And I can't wait to see what's in store for this new year of reading! 

Want to know more about the books I read in 2017? Be my friend on Goodreads

All best,Kayla King.png

The Careful Undressing of Curses

Corey Ann Haydu's newest novel, The Careful Undressing of Love, offers an interesting premise: the girls of Devonairre Street are cursed. Any boy they love is destined to die. We are introduced to Lorna, one of the Devonairre Street girls for whom this curse is part of every day life. And to make matters in this book even more complicated and intriguing, these girls live in an alternate version of the Brooklyn we know. 

Haydu gives us a world in which Times Square was bombed in 2001, the Twin Towers still stand, and the world crumbles and rebuilds in much the same way our world has in the aftermath of 9/11. This works as a significant underlying disturbance to the other moving pieces within this novel, and is handled with the understanding that one event has the power to incite change. As someone who was young when the Twin Towers fell, I've had to live through such changes; our world is also one which exists in the after.

Instead of studying the who and the why of such events in a history book, Haydu's characters must study the history of those "Affected." This small change to the realities of our world depicts a poignant look at history, and a way to further alienate the main protagonist, Lorna, as she deals with the death of her father from the tragic bombings. She must live with the notion that she is now one of the Affected, whom people study and memorize and remember. Such is a difficult idea to live with in a world where devastation is commonplace, where lemons are used to handle grief, and where tea is to be consumed with more honey than anything else. But even those things can't keep bad things from entering the lives of those who live on Devonaire Street. After all:

 "we can't stop the world from happening."

Haydu's literary realm is an odd world that is not quite magical realism, but which exists with a touch of those elements. While the premise is enough to intrigue any reader, the world building is rich, and real enough to feel like home. Haydu's characters are flawed and flirt wth the idea of love despite the fact that any boy a Devonairre Street girl falls in love with is then fated to die. It happened to Lorna's father, and her best friend's dad, and her other friends as well. Death has taken husbands and boyfriends, etc. But the curse doesn't feel real to the girls growing up in a world of after until a local love and friend to all on Devonairre Street is killed.

The reality of the curse seems justified. 

And still Lorna doesn't believe. Lorna doesn't want to believe. She has her garden and her mother and her friends and her boyfriend who she-doesn't-love-but-maybe-sort-of-could-love. It is all complicated in the best way. And through all of the many complications within the outside forces, i.e. the curse and the bombings, there are still the complications of the human heart. Most profoundly, Haydu writes:

"Maybe you never know if you're in love or not...Maybe no one knows, and we all wander around talking about it like it's something tangible and knowable, but actually we're all full of it. Maybe even the people who say they're in love are wondering is this what they meant?"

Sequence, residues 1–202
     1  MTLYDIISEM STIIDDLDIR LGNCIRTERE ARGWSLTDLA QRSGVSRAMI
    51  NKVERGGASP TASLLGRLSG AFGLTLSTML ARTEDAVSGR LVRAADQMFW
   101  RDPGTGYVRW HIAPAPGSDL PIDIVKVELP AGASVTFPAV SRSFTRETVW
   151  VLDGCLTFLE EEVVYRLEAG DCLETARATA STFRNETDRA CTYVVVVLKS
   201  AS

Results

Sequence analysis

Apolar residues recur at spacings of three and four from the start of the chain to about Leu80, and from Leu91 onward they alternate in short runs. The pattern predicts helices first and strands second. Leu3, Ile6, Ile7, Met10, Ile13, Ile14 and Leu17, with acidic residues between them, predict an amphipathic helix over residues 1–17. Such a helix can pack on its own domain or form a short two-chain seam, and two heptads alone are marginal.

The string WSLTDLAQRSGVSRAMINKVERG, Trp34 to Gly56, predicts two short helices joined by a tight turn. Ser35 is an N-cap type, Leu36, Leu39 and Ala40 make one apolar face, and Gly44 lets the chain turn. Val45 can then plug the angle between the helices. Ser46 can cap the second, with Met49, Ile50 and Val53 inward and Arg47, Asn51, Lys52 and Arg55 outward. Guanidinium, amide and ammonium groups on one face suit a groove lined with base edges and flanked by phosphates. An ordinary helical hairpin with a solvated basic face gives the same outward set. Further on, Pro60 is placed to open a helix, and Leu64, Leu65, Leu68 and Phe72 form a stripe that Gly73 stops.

While Haydu writes with this same kind of philosophical musings in her characater, Lorna, this style never feels out of place. The Careful Undressing of Love is a literary YA novel with a lyrical language, which puts many adult works of fiction to shame. There is an essence of wondering about life and the world and love that we have all felt within our youths, which, perhaps, carry into the people we become as adults. Because there is such a lush and luxurious writing style within this novel, this will appeal to both young adult audiences and those older. After all, the best books in the world have been written about death and love and this book combines both aspects of life with a devastating sense of wisdom that only comes from losing those we most love. 

And then there are the girls (and boy, they are LornaCruzCharlotteDelilahIsla), and they offer the best that an ensemble cast of characters can: variety, authenticity, and more truth than can be handled in one sitting.

While I easily could have finished this book in one night, it was the kind of novel that I wanted to savor for fear that another of its kind won't reappear any time soon.

Then there are the mothers of these girls and the mother to them all, Angelika, who keeps the rules of Devonairre Street so they may never forget the men and the love and the curse that tears both things from them in time.

There are the rules: honey cake and shared birthdays and long hair and honey in lavender tea, gardens and benches and lemon trees. Lemons for grieving and wool to keep out heartbreak and love and loss. Skeleton key necklaces provide them with literal keys when they can't seem to find the key to the curse. They can't seem to break the cyclical nature of love and death and dying and loss and mourning the love. Though they try to fill those spaces with donuts for anniversaries and red and white braided bracelets,  whiskey and wine, music and memories and pictures; all the items they must keep for fear they might forget. It is enough to make one's head spin, but which Haydu writes into perfect clarity. Of course wool must be worn to funerals, and of course lemons must be offered to those suffering a doomed and damaged heart.